Drivers observe the national anthem, Bahrain International Circuit, 2022

Are F1 drivers thinking only of themselves by opposing a salary cap?

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While Formula 1 teams continue to grapple with the difficulty of staying within the current budget cap, a potentially significant future change became a focus of debate in Baku.

Drivers’ salaries – which are a particularly significant expense for some teams – are not included within the cap. Unsurprisingly, drivers almost unanimously opposed any suggestion that should change.

Red Bull’s Max Verstappen, who in March signed a new contract keeping him at the team until the end of 2028 for a reputed £40 million per year, was among the most vocal critics. The reigning world champion concluded it would be “completely wrong” to introduce a driver salary cap at a time when Formula 1’s popularity is soaring and revenue growing along with it.

F1 made a profit of £27.5 million ($34m) over the first three months of 2022 as the effects of the Covid-19 pandemic lessened, while the total revenue generated by the F1 Group doubled.

“At the moment F1 is becoming more and more popular and everyone is making more and more money, including the teams, F1 [owners] – everyone is benefiting,” Verstappen observed.

Max Verstappen, Red Bull, Baku Street Circuit, 2022
Drivers take the risks and deserve their fees, says Verstappen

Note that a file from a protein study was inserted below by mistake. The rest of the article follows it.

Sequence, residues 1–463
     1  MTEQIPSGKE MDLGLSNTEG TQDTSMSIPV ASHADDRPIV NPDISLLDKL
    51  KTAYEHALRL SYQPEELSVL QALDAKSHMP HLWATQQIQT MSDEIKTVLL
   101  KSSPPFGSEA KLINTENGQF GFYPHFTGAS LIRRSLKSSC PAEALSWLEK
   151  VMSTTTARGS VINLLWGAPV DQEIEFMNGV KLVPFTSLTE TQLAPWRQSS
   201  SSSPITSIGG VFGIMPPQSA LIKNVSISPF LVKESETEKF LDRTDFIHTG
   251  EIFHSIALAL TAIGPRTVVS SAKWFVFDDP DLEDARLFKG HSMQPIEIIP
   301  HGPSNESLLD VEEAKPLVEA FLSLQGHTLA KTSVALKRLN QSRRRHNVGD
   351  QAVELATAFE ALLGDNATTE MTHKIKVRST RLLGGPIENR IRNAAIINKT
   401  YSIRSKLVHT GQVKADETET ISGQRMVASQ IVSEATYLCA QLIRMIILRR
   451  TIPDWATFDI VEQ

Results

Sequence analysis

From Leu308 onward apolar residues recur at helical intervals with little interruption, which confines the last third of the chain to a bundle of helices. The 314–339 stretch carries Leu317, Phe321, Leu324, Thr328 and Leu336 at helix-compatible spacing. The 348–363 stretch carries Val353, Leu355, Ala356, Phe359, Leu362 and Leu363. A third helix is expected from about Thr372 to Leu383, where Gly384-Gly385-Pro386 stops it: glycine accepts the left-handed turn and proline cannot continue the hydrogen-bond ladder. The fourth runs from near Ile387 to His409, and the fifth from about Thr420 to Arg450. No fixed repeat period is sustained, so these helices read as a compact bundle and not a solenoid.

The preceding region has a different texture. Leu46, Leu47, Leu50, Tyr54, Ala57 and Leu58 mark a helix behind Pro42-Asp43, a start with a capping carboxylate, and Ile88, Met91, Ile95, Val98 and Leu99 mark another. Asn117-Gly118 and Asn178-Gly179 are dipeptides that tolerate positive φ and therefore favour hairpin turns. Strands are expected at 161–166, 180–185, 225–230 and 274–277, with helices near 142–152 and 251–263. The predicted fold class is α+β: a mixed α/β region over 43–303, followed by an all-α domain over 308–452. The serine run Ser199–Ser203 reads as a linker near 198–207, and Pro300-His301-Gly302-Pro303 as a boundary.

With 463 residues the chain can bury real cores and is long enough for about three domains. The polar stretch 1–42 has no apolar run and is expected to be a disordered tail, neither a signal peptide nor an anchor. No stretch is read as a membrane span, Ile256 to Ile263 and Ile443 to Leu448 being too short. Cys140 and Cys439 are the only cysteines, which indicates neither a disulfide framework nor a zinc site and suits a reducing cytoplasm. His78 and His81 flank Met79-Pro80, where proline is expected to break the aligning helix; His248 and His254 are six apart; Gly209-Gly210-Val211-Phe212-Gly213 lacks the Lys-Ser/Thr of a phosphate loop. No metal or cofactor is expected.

“So why should the drivers, with their IP rights and everything, be capped? [Those] who actually bring the show and put their lives at risk, because we do? So for me, it’s completely wrong.”

It’s not just today’s Formula 1 drivers who would feel the knock-on effects of such a cap, Verstappen claimed. He foresees a real impact for junior drivers in their efforts to reach the top. Drivers racing in lower categories rely heavily on sponsors or financial backers to further their careers, which becomes less of a lucrative investment if their future earnings could potentially be lower.

“In all the junior categories, you see how many of those drivers have a sponsor or a backer, who eventually will have a certain percentage of their income in potentially F1 or wherever,” Verstappen explained. “I think it’s going to limit that a lot because they will never get their return in money if you get a cap. So it will hurt all the junior categories as well and I don’t think you want that.”